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Europe

EU Pledges to Adopt Security Laws

EU ministers vowed to unite in the fight against terrorism and committed themselves Wednesday, days after the London bombings, to implementing security laws agreed on a year ago after the Madrid attacks.

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Fighting terrorism must remain a joint effort

"None of the proposals on our agenda are new, we were considering them in any case," said British Home Secretary Charles Clarke as he opened the session at the EU Council building in Brussels, called in the wake of the London bombings which killed at least 52 people.

With police expressing fears of further attacks in Britain, Clarke urged his EU counterparts to use the momentum to ensure swift passage of the laws.

"What we have to do is accelerate and speed up our work to agreement, to ensure that we put in place, in practice, the measures which are needed to make the work of terrorism more difficult," he said.

"All of us today are determined to achieve that."

Learning from the past

Spanish Interior Minister Jose Antonio Alonso, who proposed the meeting based on lessons his country had learned after the attacks on trains in Madrid in March last year, said it was important to seize the moment.

Nach dem Terroranschlag von London - das Wrack der U-Bahn

London and Madrid share painful experiences of train explosions

Like the Madrid bombings, which killed 191 people, last Thursday's attacks on a London bus and three underground trains are also being blamed on Islamic extremists.

"It is a question of giving a political impulse to some issues. Europe's security space has to be built up, independently of the crises that the European Union is going through," Alonso said as he arrived.

French Interior Minister Nicolas Sarkozy expressed solidarity with Britain, but said London needed action more than sympathy.

"What our British friends expect now more than anything today is that we take decisions to reinforce our fight against terrorism because we have not attained the objectives we set ourselves a year ago," he told the ministers.

Controlling borders and telecommunications

Nicolas Sarkozy, französischer Wirtschafts- und Finanzminister

Action is more important than sympathy: French Interior Minister Nicolas Sarkozy

Sarkozy said equipment had to be developed to allow the taking of fingerprints of all people seeking visas within the Schengen open border zone, and backed Britain on a law giving police access to telecommunications data.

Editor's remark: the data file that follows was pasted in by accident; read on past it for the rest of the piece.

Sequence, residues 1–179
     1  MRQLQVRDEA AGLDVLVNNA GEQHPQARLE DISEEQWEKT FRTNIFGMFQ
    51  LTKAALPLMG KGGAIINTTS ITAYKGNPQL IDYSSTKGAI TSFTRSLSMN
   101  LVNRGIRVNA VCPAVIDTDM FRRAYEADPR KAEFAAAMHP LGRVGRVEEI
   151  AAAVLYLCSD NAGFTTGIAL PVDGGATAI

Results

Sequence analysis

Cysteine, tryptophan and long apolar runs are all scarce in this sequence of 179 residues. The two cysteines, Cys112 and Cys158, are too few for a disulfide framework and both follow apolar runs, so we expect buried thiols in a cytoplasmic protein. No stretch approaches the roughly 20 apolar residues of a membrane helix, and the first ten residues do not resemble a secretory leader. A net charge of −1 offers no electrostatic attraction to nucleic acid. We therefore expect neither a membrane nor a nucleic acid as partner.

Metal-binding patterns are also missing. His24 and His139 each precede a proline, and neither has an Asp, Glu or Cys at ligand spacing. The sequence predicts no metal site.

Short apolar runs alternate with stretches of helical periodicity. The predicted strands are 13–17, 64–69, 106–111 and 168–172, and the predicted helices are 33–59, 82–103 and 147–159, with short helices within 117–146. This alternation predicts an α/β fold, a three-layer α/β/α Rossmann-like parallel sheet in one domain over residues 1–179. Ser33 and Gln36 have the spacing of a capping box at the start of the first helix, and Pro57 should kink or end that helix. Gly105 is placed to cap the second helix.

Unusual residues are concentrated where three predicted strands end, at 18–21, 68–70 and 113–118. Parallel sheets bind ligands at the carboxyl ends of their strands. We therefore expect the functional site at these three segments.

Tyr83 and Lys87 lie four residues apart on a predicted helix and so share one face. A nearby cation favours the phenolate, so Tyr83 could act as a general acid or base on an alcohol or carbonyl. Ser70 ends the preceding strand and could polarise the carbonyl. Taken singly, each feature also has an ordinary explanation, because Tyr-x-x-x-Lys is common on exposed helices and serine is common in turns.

"The framework decision on the retention of electronic data must be adopted as a matter of urgency," said Sarkozy.

French Justice Minister Pascal Clement added that the legislation would be "an extremely useful instrument for investigations into terrorism."

The measure could see data from telephones -- including mobiles, text messages and landlines -- and Internet information like e-mail kept for at least a year, for crime fighting purposes.

Sharing information is essential

The ministers met for around three hours and issued a declaration jointly condemning the bombings and pledging to step up the fight against terrorism. They committed to improving police cooperation and information sharing, finding out what makes people turn to terror, and revising shipping and aviation security.

Charles Clarke Einwanderung Großbritannien

Pushing for common security standards in Europe: British Home Secretary Charles Clarke

Clarke has also called for the EU's 25 member states to agree common standards for security feature on identity cards, as well as rules to combat terror financing.

"The EU has a weight and authority ... we need to make sure everybody in the EU at a high level is working on these questions, and not everybody is and that's what we have to achieve," Clarke said earlier on Wednesday.

"Unless we succeed ... the people of Europe will say that you, the European Union, have let us down in these key areas," he said.

Tighter security in Britain, raids in Italy

As the interior ministers met in Brussels, British Prime Minister Tony Blair in London told parliament his government would consider tougher action against people who incite or instigate terrorism, including tighter entry procedures, as well as try to promote moderate Islam at home and abroad.

Meanwhile in Italy, hundreds of police swept into Islamic communities across the country raiding dozens of homes, carrying out identity checks and seizing material.

No arrests were announced several hours into the operation, which began in the morning in cities including Turin, Florence, Bologna, Rome and Naples.

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